The Animals in My Fiction

My pets have a way of creeping into my novels. Even pets I wish I had. My cat Wizzie is in two. That cat had the key to my heart. He appears as Malcolm in Beneath the Hallowed Hill, keeping Megan company on her first few nights in Avalon and escorting her to an audience with the Morgan. He is a healing, reassuring, and somewhat regal presence.

“Malcolm followed Megan to her cottage, hopped up onto the middle of the bed and proceeded to groom himself. She had to push him over to get enough room. ‘Goodnight, my lord.’ He regarded her out of his round, yellow eyes, then turned his attention back to his bushy tail.”

wizzie-at-top-of-stairsIn The Star Family, he appears as Marvin. I don’t know why I kept giving him “m” names. Here he is a member of the animal family that Jane inherits along with the English Tudor house. He is still himself, “an enormous black long-hair complete with ear tufts.”

Wizzie has left us now, although I feel him from time to time. Here he is next to his properly shredded corner of the stairs.

He lived most of his life with our calico Arwen, who is his companion in The Star Family as well. In that book, she goes by the name of Suzie B. In this scene, Marvin and Suzie B inadvertently reveal a secret passageway while in the midst of a midnight hunt. Jane has been awakened by strange music:

“She walked over to the windows that faced the front of the house, but they were closed also. The other set looked out on the backyard. Closed. A half-moon lit the new garden. The rose bushes looked like a pencil sketch in the muted light. Suddenly Marvin burst from the walk-in closet.

Jane screamed.

Winston barked.

Suzie B ran in from the hallway to join him.

A tiny, dark shape dove under the bed. The cats followed in hot pursuit.

‘You scared the crap out of me!’ she scolded.

The mouse made a dash across the floor and squeezed behind the chest of drawers. The cats took up positions on each end, tails twitching, ears perked, ignoring her. Then she realized the singing had stopped. The car must have driven away.

How had a mouse gotten up here? Steeling herself for more rodents, she walked to the closet and nudged the door open the rest of the way. She’d expected it to be stuffed with Miss Essig’s old clothes, decade after decade of fashion, but instead she found bare wood. Except for a shadow in the corner.

Her hand groped for a light switch, but slide down a smooth wall.

‘Winston,’ she called.

Loud breathing announced his presence.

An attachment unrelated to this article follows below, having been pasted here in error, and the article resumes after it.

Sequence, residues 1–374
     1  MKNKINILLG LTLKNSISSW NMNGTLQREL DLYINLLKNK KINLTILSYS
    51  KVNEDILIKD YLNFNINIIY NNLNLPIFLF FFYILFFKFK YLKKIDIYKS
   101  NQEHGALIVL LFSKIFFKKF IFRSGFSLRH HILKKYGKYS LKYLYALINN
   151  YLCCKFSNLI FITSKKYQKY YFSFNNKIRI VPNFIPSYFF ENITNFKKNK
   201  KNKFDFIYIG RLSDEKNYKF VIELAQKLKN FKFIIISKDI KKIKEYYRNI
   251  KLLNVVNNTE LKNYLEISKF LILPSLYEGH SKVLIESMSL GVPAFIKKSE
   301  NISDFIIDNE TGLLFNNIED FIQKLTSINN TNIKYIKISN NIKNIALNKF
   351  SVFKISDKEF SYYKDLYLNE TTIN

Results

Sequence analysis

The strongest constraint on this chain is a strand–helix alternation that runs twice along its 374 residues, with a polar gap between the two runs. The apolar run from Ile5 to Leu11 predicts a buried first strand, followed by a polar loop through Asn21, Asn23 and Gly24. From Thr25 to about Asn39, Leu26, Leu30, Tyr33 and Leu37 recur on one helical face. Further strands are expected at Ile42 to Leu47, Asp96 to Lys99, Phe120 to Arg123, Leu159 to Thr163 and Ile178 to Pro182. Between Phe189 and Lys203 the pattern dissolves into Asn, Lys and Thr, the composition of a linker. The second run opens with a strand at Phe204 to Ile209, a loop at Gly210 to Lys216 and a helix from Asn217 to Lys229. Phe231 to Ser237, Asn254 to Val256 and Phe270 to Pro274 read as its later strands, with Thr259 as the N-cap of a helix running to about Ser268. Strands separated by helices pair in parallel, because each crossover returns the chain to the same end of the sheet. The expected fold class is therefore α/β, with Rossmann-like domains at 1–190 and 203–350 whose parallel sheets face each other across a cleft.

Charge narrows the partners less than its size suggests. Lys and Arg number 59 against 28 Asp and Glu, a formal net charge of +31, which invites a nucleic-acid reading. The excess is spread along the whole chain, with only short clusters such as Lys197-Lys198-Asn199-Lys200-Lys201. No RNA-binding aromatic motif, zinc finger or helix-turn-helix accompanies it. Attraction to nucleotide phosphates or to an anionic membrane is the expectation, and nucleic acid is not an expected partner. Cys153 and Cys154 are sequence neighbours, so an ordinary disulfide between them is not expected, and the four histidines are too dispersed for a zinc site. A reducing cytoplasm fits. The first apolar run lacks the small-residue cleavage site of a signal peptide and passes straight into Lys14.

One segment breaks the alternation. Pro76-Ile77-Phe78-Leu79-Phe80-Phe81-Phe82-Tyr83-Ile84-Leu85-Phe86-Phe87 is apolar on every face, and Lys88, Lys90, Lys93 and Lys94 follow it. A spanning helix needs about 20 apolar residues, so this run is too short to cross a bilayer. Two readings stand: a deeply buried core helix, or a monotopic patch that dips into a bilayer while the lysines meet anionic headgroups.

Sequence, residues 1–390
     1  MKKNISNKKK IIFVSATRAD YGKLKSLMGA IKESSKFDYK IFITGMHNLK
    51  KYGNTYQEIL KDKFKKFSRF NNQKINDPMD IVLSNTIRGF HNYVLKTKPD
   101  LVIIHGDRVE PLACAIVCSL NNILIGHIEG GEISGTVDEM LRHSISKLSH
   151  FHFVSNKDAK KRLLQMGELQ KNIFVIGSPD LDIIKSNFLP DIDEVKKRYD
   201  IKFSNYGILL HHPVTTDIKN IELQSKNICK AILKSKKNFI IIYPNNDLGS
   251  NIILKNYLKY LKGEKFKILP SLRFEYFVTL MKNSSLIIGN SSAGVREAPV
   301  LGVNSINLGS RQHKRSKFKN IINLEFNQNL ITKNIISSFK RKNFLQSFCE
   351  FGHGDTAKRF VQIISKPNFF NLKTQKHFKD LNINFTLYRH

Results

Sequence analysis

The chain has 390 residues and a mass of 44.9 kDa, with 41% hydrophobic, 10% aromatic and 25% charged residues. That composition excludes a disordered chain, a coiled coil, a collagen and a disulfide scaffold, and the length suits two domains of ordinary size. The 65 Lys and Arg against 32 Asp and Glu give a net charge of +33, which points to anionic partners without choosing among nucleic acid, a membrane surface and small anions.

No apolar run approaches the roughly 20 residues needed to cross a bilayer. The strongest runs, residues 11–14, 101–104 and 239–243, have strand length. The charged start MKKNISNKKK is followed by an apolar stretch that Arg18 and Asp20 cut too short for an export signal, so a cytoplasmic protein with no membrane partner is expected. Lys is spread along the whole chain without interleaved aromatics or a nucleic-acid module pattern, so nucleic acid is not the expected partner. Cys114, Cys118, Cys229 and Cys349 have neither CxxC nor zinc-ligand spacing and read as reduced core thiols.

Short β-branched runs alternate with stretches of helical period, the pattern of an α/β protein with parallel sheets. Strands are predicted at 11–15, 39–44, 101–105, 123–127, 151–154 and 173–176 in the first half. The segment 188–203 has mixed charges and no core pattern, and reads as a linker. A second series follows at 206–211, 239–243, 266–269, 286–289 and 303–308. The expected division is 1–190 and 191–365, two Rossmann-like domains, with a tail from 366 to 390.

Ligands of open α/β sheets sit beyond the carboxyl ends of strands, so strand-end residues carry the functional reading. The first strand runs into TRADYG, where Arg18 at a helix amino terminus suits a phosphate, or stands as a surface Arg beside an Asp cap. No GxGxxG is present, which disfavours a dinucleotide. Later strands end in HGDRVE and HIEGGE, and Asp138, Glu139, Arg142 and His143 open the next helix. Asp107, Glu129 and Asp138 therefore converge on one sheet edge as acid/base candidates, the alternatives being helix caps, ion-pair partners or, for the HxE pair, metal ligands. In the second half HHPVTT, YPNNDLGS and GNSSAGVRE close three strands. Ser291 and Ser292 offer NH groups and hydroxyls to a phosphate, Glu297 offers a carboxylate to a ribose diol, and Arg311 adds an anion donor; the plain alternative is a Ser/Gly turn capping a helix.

She swung her hand over her head. A string brushed her fingers. She tried to grab it, but missed. On the second attempt, she captured it and pulled. Harsh light from the bare bulb flooded the closet. She closed her eyes against the glare for a second, then squinted.

The dark shadow in the corner remained. A panel stood partly open. She’d thought the wall was just that—a solid wall. But there was an opening. Winston sat in the doorway, his head cocked. The singing had started again, softer this time. It was coming from behind the open panel.”arwen-wizzie-together

Here is Arwen putting Wizzie in his proper place.

Winston is the bulldog I always wanted but never had. He has a bit of the boxer who was my childhood companion. His name was Mugs. Very imaginative name, don’t you think?

The hounds in Beneath the Hallowed Hill have never been tamed by any human hand. They are the fae hounds of the Wild Hunt.

The Egyptian Mau cats Vivienne and Merlin in Under the Stone Paw are also a combination of pets I’d like and pets I’ve lived with. I’ve always thought Egyptian Maus were beautiful and would be nice to have as friends. These two are reminiscent of our old Siamese named Persephone. She passed before we adopted Wizzie. She was one Queen Bee, let me tell you. She had a daughter named Ting Li, a tortie whom Persephone bossed around heartlessly. So much for mother love. That must be why there are two Egyptian Maus in Under the Stone Paw to match those two little loves.

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About Theresa Crater

Award-winning author Theresa Crater brings ancient temples, lost civilizations and secret societies back to life in her visionary fiction. In The Star Family, a Gothic mansion holds a secret spiritual group and a 400-year-old ritual that must be completed to save the day. The shadow government search for ancient Atlantean weapons in the fabled Hall of Records in Under the Stone Paw and fight to control ancient crystals sunk beneath the sea in Beneath the Hallowed Hill. Her short stories explore ancient myth brought into the present day. The most recent include “The Judgment of Osiris” and “Bringing the Waters.” Theresa has also published poetry and a baker’s dozen of literary criticism. Currently, she teaches writing and British lit in Denver.
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